This was our approach for a recent series for Jäegermeister. We knew that the stories we were telling would work well in smaller single-focussed stories for social, as opposed to one longer piece. We still took our time telling the story, and instead of trying to pack everything into each film, each episode focussed on a different aspect of a contributor and their lives. This allowed audiences to get to familiar with them, and build up a connection over time.

4. Break Rules

When people think of ‘documentary’, they mights think of stuffy interview-led films or a more old-school tv style formal approach. It really doesn’t have to be like that. And, if you want to cut through the competition, our advice would be to stand out.

Be distinctive and bold. Bringing in elements like graphics, music and editing styles will really bring the story to life. The creative team behind the Jäegermeister project had all of these elements front of mind right from the start. It doesn’t have to be super cinematic. It can be low fi. Angsty. Filmed on an iPhone. However you do it, break rules.

5. Go Easy

It can be tempting to weave your brand into the film, but this could be a real turn off. One wrong foot and you run the risk of pulling audiences out of the story and eroding any of that valuable emotional connection you’ve built up.

Remember, the objective isn’t to generate an immediate uptick in sales through clunky product placement; it’s about creating something much deeper, long-lasting and genuine. Effective storytelling can forge powerful brand connections and align your brand with purpose and values; drivers that consumers care about now more than ever.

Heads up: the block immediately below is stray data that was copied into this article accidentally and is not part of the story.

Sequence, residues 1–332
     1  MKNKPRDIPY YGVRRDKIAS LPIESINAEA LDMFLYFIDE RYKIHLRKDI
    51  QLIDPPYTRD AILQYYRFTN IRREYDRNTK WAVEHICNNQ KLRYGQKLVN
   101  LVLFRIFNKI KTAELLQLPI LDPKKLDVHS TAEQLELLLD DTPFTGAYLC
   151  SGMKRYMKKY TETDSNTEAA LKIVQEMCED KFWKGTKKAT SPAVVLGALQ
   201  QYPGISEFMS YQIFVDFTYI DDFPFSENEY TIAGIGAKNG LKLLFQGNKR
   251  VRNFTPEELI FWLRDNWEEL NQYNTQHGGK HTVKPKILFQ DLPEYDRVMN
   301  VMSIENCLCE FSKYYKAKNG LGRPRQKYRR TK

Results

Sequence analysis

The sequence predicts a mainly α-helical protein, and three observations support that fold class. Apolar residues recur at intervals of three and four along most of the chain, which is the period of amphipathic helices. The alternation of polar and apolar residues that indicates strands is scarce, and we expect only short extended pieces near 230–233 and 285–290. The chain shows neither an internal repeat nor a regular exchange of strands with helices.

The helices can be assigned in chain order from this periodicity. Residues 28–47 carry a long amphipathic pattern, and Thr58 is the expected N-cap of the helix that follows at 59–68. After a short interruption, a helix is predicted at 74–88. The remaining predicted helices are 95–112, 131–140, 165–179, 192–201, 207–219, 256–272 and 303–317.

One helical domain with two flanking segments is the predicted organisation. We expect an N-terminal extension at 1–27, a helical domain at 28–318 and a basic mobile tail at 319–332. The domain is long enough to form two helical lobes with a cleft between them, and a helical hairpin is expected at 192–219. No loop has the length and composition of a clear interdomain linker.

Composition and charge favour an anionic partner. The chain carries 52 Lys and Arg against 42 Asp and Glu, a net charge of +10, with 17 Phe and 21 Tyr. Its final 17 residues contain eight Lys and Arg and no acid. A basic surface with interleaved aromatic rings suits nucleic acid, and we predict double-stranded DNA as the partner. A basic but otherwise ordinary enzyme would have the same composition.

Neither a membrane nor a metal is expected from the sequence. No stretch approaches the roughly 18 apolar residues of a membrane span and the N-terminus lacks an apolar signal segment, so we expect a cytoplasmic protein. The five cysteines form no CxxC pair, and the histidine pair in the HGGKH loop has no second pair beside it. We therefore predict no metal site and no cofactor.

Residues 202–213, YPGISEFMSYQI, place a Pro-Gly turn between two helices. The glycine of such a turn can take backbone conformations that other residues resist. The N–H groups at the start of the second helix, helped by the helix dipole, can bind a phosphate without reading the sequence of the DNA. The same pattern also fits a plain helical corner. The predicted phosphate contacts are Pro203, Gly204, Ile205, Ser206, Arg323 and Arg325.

So go easy when thinking about how you can feature your brand in the story. Ask whether facilitating the storytelling is enough or whether your product needs to actually feature?

Porsche made a 20-minute film about the Northern Lights that barely featured a car. So be brave and resist the urge to do this...

6. Know your Audience

Telling unexpected stories is a great way to keep the brand fresh and tap into new audience. But it needs to feel like a natural fit. How does a luxury jewellery brand producing a controversial documentary about climate activism feel from the outside? Or a teeth whitening company making a gritty five minute film about an underfunded youth football club?

We’re not saying it won’t work. What we are saying is that it’s vital to know and understand your audience before you can create the content they want to watch. What formats do they consume the most? On what platforms? What length is best-suited? Do they want it broken up into episodes? What subject matters interest them?

And crucially, ask yourself if you, as a brand, can authentically speak about the story? If you can’t, then make sure you have people telling the story who can. I won’t name names, but a misfire here could be a disaster.

The real Goldilocks Zone is when you can tell stories that feel like a natural fit for your brand. That way, talking about your brand and knitting it into the story won’t feel so jarring.

7. Think Big

This is new territory, so think big. Brands are now faced with an opportunity to find different audiences beyond their loyal following, so think about exploring channels that you don’t own. We’ve already seen that tactic pay off. Brands like Heineken have partnered up with broadcasters like National Geographic, e.l.f. beauty have produced a YouTube series with Channel 4 and Guinness have produced a feature long film with Amazon Prime Video. We also recommend checking out the Waterbear Network, who have featured several successful brand documentary partnerships.

As long as brands think audience-first, they will thrive in this new space. And, to be brutally honest, it looks like they’ll have to if they want to compete for their share of attention. Because with ad-free streaming resulting in fewer opportunities for brands to interrupt (or be skipped over) it’s now more vital than ever for brands not to just “interrupt what consumers want to view, but rather, to become it” (Forbes).

Drop us an email if you want to explore the power of documentary storytelling for your brand.